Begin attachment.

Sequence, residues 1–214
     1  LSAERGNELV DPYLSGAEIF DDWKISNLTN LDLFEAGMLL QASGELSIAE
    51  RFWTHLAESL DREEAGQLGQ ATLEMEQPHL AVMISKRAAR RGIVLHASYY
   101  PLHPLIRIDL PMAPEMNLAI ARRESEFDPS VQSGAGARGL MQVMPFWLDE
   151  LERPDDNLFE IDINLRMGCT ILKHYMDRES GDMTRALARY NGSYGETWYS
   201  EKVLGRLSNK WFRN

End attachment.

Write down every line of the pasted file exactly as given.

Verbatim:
Sequence, residues 1–214
     1  LSAERGNELV DPYLSGAEIF DDWKISNLTN LDLFEAGMLL QASGELSIAE
    51  RFWTHLAESL DREEAGQLGQ ATLEMEQPHL AVMISKRAAR RGIVLHASYY
   101  PLHPLIRIDL PMAPEMNLAI ARRESEFDPS VQSGAGARGL MQVMPFWLDE
   151  LERPDDNLFE IDINLRMGCT ILKHYMDRES GDMTRALARY NGSYGETWYS
   201  EKVLGRLSNK WFRN